On Saturday, Hillary Clinton will celebrate the official launch of her presidential campaign in a part of New York City that may be unfamiliar to many non-residents: Roosevelt Island. The narrow stretch of land in the East River between Manhattan and Queens is named after President Franklin D. Roosevelt, and Clinton’s staff has noted that the candidate has long been inspired by FDR and his wife Eleanor.
But the island wasn’t always a political homage. Early names included Minnahanonck, Hog Island, Blackwell’s Island and, as of 1921, Welfare Island. And Welfare Island was, as TIME noted in 1934, “not a nice place to visit and nobody would want to live there.” It was home to the New York County Penitentiary, which the state’s Commissioner of Correction had just proclaimed the worst prison in the world, and a “vicious circle of depravity that is almost beyond the ability of the imagination to grasp.”
By the 1960s, the island was seen as a waste of valuable land. In 1961, as TIME reported, real-estate developers came up with a plan to cover the two-mile-long strip of “nurses’ homes, hospitals for the aged and poor, and homes for wayward girls” with a concrete platform that could hold enough housing for 70,000 New Yorkers. It was envisioned as a residential paradise, with postcard views and no cars allowed. And a new name, of course.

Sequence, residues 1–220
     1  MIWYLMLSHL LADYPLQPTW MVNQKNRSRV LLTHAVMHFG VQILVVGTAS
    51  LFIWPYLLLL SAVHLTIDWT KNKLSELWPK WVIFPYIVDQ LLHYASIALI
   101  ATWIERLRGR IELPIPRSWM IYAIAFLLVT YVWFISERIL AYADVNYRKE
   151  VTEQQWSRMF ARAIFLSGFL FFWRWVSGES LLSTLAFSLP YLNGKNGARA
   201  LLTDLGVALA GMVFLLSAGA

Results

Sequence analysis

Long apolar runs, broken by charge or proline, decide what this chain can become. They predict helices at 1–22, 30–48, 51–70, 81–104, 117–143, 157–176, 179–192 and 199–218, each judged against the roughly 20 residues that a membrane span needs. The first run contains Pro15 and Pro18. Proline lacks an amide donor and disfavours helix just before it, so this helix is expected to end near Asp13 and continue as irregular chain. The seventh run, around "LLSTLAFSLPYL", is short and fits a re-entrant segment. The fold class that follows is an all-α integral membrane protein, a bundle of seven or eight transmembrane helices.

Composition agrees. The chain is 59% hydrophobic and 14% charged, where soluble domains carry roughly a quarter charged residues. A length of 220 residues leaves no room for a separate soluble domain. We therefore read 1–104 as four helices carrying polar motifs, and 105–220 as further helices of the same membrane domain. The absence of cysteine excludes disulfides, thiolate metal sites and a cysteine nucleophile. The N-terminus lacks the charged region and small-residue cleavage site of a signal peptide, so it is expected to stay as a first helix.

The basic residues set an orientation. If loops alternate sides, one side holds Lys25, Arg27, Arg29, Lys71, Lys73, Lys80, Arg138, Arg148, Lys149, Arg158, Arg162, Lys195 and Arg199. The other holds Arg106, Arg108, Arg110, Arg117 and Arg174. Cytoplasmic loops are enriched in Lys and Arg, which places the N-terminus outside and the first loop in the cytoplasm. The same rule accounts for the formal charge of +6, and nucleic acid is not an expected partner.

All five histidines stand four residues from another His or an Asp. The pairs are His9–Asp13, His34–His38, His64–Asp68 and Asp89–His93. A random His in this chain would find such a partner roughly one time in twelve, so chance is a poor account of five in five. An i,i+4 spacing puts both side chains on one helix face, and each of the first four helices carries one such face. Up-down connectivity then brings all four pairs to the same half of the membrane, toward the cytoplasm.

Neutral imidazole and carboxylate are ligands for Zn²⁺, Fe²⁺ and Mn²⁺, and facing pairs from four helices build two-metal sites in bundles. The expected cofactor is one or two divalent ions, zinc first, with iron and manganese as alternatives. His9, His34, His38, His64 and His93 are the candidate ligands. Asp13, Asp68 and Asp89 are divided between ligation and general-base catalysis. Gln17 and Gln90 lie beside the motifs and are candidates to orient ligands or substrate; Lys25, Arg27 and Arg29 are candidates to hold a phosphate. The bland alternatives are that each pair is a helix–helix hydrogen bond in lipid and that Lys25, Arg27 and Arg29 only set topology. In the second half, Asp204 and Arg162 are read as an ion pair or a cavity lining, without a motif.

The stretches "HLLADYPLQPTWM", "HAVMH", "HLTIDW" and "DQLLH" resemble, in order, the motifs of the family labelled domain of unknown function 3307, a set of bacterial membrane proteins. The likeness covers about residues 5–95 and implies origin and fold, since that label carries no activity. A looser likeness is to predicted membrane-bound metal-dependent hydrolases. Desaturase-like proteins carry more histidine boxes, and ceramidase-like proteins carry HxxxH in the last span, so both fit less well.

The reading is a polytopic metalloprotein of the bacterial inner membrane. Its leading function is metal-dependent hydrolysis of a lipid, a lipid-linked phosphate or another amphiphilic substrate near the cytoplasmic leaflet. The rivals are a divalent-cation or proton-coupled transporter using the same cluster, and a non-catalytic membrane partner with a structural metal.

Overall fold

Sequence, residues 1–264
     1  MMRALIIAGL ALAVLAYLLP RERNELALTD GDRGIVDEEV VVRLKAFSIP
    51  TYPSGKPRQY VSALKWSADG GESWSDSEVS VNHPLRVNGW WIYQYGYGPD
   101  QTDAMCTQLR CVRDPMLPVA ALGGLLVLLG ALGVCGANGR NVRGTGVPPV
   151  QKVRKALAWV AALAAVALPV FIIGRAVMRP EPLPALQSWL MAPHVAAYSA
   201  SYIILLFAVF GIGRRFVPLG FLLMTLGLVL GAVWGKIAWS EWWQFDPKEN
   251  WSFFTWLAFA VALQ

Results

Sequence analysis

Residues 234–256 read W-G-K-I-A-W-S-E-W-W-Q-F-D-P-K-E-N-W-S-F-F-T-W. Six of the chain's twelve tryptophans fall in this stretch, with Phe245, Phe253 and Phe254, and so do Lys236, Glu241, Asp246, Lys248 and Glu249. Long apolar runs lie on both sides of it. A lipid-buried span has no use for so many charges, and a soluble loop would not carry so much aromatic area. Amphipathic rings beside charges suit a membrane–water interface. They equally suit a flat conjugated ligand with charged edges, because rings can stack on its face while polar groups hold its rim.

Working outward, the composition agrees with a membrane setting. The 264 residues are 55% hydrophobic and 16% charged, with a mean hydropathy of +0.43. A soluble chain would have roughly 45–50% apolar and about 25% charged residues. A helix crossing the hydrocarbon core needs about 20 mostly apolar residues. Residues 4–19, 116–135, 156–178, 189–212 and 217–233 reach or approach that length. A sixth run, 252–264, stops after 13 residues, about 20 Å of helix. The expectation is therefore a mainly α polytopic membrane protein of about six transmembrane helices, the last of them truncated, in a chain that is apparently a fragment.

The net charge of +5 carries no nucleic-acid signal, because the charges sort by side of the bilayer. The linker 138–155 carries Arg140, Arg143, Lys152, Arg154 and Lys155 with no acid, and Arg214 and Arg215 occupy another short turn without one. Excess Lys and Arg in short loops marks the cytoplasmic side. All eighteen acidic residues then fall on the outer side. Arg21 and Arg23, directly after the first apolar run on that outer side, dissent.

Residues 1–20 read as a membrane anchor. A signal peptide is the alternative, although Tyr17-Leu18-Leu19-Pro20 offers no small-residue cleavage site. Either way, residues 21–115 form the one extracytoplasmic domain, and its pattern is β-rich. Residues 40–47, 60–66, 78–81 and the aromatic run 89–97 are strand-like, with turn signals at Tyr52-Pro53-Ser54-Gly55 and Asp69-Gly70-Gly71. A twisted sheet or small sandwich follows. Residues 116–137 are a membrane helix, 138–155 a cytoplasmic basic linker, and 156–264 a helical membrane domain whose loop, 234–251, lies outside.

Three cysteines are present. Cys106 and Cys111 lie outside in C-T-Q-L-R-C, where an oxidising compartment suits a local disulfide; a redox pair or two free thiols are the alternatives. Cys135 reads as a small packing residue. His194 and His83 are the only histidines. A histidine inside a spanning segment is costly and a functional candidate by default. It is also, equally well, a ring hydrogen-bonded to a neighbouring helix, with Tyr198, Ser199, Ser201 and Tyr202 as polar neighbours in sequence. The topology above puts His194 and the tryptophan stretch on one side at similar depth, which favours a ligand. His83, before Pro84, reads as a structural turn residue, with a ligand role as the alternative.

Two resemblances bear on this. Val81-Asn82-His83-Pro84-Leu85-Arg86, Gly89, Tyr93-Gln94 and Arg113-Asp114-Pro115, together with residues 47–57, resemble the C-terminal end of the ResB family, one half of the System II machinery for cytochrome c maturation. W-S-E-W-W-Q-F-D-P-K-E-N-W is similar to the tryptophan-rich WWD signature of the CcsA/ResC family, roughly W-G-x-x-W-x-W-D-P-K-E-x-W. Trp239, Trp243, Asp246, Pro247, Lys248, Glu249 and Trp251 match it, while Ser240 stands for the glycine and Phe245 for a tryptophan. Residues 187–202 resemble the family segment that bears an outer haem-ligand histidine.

On Sept. 24, 1973, New York City’s mayor, John Lindsay, proclaimed Franklin D. Roosevelt Island Day in the city and officially re-dedicated the island in his honor. “This act signifies recognition for a man whose capacity for moral leadership gave much to our City, our State and our Nation,” Lindsay said in his proclamation. “It also heralds the transformation of an island that has too long been forsaken. It is altogether appropriate that Franklin D. Roosevelt, whose vision and vivacity re-invigorates and inspires this nation, should have named for him an island which is at last being reclaimed by and for the people of the City of New York.”
Clinton surely hopes to find that her “vision and vivacity” inspire the nation too—and launching her campaign on the island that bears FDR’s name is one way to start.
Read about the 1976 opening of the Roosevelt Island tram, here in the TIME Vault: The Little Apple